My children are active and interactive and like to talk things through. They need in-person, face-to-face interaction with a professionally trained teacher who is not me. Zoom fatigue is real. If adults with superior coping skills and years of workplace experience with hours on end behind a computer are feeling it, then how can we assume our kids will thrive in this environment?
2. I am working to make sure my kids have adult supervision for at least some portion of the school day, and this is hard.
My husband and I are both back to work, so I will be hiring sitters to help make sure my kids don’t kill each other, and see that they comply with their online learning schedules. This is expensive, but a minor inconvenience of scheduling and budget readjustments as I don’t feel it’s fair to make my 12-year old supervise her younger sister during online school (which she does do a good bit during the summer as part of her contribution to the family) when she has her own extensive coursework to complete.
What really burns my butter is that others may not have any budget to do this and will have children watching children, teaching children and dealing with the emotional roller coaster of online learning, tech difficulties and possibly tantrums. And then, of course, there will be some children with nobody watching them, nobody fixing their lunch. What will happen to them?
3. Many parents are faced with choosing which option (in-person or virtual) is best for their family. Some of us have no choice, as the only choice offered to us is virtual learning.
I had mentally prepared myself for a “hybrid” model where we would send our kids two days a week, but my husband and I had already decided that if a five-day week were offered, we would send our kids. I felt like someone had punched me in the gut when I learned that we would be starting the year (and perhaps ending the year) with online school through a “phased-in” model.
But what about the teachers, you ask? Well, I certainly would not want to put any teachers in a position to teach in person if they fear for their safety, but believe it or not I know many teachers who would like to go back to a face-to-face model, and share some of the same thoughts as the parents who want face-to-face. Many teachers also have school-age kids and need a game plan for their own families.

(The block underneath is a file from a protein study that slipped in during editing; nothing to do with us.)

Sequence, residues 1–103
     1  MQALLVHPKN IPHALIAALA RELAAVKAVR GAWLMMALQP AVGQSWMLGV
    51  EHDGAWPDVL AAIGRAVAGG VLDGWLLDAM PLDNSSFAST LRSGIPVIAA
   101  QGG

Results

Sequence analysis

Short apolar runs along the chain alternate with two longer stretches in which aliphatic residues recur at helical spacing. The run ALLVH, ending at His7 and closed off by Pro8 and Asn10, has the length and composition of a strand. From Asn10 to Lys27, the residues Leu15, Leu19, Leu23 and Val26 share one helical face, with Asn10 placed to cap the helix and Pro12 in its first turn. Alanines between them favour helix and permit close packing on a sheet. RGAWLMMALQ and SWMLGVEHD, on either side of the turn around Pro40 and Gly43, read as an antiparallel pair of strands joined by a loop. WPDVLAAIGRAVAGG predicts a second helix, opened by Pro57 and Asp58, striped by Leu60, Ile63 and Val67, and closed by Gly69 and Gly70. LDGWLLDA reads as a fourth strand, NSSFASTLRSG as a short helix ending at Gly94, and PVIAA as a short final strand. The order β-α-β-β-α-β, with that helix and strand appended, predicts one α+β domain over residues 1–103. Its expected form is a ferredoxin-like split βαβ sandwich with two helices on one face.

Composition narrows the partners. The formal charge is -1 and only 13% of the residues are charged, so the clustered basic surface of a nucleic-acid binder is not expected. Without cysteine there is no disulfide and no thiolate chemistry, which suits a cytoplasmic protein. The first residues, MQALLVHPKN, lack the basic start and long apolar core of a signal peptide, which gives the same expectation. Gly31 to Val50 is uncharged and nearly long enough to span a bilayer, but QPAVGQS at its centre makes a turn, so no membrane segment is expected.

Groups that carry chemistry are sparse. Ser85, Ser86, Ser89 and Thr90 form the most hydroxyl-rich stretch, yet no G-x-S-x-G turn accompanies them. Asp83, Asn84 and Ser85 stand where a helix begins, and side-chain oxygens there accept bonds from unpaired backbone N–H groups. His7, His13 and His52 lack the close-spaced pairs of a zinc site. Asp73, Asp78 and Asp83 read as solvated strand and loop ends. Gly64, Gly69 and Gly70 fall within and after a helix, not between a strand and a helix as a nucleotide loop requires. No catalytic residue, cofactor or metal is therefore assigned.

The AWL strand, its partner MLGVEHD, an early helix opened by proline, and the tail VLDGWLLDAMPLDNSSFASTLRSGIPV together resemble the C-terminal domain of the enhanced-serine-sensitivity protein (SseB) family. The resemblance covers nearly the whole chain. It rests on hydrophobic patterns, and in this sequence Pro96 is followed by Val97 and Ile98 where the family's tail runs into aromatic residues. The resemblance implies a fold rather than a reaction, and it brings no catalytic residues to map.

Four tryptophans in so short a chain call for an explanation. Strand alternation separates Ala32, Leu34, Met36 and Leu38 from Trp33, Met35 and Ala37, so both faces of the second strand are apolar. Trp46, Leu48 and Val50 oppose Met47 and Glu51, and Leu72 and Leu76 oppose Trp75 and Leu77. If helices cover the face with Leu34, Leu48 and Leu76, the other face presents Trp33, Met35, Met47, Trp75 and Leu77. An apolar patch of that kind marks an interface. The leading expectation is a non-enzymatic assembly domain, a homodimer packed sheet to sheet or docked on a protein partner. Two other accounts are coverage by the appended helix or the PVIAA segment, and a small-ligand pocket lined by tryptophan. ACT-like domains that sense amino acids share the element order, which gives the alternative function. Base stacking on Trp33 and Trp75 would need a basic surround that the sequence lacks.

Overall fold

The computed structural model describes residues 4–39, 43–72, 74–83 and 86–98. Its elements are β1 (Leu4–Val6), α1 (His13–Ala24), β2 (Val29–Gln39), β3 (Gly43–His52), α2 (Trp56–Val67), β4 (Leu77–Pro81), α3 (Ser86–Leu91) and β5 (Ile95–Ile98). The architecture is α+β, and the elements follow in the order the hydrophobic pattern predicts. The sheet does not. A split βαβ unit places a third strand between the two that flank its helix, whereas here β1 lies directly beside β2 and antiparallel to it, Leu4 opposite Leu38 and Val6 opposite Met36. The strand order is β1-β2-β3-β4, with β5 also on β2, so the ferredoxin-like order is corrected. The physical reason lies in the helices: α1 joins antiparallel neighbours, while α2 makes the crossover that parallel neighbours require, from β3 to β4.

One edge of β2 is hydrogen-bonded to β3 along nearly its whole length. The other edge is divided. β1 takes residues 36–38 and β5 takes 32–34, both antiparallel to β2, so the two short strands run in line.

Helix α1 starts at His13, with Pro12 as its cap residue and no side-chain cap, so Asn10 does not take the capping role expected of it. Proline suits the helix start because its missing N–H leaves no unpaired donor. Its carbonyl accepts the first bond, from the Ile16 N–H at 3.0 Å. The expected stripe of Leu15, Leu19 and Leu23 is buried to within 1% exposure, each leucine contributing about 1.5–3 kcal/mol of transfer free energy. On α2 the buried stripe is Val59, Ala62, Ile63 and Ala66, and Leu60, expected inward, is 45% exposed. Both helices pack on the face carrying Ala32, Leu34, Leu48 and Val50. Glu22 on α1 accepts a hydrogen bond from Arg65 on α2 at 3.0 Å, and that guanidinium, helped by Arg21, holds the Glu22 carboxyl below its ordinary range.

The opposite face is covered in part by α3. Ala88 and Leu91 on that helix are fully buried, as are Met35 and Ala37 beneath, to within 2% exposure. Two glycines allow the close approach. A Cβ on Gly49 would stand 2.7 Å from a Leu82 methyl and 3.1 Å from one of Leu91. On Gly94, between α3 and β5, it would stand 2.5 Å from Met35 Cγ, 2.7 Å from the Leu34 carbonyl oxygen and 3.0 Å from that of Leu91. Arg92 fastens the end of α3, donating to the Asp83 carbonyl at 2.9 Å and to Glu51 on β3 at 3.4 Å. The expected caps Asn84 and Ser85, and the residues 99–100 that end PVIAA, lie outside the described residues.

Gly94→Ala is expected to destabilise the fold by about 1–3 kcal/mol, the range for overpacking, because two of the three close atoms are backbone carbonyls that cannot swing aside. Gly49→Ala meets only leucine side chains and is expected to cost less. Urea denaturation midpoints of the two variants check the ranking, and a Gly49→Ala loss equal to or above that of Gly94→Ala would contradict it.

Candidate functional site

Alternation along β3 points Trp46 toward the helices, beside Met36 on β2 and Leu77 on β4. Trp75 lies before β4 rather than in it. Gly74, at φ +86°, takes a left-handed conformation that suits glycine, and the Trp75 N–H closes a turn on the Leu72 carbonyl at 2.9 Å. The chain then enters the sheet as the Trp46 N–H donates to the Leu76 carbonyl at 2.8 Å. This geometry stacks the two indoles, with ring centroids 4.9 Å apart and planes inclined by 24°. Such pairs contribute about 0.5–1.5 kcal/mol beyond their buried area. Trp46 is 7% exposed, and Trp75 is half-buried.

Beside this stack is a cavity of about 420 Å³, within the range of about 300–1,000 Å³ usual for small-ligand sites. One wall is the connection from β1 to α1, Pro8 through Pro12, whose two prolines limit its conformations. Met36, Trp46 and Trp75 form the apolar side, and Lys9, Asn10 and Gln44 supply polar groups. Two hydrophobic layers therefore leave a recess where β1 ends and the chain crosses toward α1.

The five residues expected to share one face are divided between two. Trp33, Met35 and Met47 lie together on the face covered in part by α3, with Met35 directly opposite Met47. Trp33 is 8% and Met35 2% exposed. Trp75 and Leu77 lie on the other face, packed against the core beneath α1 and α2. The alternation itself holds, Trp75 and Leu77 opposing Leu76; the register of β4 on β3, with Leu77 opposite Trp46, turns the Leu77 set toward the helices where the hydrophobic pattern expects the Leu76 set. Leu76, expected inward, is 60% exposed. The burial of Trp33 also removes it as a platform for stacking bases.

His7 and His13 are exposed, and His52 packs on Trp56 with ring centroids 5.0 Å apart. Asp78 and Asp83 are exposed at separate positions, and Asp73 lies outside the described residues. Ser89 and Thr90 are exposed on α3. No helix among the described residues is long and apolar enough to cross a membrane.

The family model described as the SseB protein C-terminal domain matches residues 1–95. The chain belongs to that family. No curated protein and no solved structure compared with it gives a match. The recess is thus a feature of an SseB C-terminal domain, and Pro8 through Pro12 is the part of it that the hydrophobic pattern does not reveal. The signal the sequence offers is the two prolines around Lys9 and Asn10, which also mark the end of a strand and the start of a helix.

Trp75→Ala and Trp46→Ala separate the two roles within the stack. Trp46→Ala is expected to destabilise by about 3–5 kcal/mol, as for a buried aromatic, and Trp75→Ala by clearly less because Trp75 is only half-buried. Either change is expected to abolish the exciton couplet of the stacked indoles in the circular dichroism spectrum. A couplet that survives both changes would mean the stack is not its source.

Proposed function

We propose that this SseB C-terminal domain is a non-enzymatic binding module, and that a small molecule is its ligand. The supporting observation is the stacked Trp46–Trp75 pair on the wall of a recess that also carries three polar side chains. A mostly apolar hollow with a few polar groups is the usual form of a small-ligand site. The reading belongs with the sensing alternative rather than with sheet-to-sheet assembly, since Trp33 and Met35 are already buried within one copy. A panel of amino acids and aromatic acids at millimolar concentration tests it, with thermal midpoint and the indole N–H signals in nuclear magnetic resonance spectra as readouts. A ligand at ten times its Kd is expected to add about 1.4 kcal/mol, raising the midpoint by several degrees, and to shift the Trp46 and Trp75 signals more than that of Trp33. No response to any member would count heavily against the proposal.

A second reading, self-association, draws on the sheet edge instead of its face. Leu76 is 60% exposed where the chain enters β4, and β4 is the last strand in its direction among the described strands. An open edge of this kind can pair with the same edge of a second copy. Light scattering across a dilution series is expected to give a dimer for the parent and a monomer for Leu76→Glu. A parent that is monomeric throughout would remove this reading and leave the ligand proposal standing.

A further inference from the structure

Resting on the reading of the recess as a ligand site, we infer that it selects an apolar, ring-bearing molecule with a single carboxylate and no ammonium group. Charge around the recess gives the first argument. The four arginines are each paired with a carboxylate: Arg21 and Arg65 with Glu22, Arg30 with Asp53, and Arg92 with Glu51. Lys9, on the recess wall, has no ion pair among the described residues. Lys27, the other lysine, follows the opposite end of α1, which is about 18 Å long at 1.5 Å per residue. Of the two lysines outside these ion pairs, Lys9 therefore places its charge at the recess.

So why can’t we have both – have a choice for those who want in-person as well as virtual for those who don’t? Would it be possible to allow the teachers and students who want to return to in-person instruction the opportunity to do so?
Let me say this, also. I understand that a pandemic is a lose-lose situation. There are really no winners here, and there is also no one-size-fits-all solution. We have all entered into this pandemic with our unique set of circumstances, including the possibility of preexisting health concerns for a child or someone in the family, family dynamics and living situation, career situation, financial situation, faith, emotional state and anxiety level.
I completely understand that someone else’s set of circumstances is not mine, and, wearing this particular hat as a blogger, I am writing from my personal perspective about my personal feelings. I’m not trying to change your mind. I’m not even trying to validate my own perspective. I’m simply a mom who is doing the best she can and writing happens to be my coping mechanism, as I mentioned (along with a lot of prayer and some pretty extensive workouts).
I understand if you think virtual/online school is best for you, as you have your own set of circumstances and thoughts and I would never try to begin to know what it’s like to be in your shoes. But I can empathize with you in your role as a mom. I know you care about your kids, just as I care for mine. You probably care about my kids, too, just as I care about yours, and children in general. But I’m not in any position to tell you how to parent your children or live your life.
I am hopeful – prayerful – that we will emerge from this pandemic refined by the fire, united in some unforeseen way. There is no instruction manual here. Just a sad, crumpled catalog full of backpacks that may never be used and a whole lot of mamas hoping for the best out of a bad situation.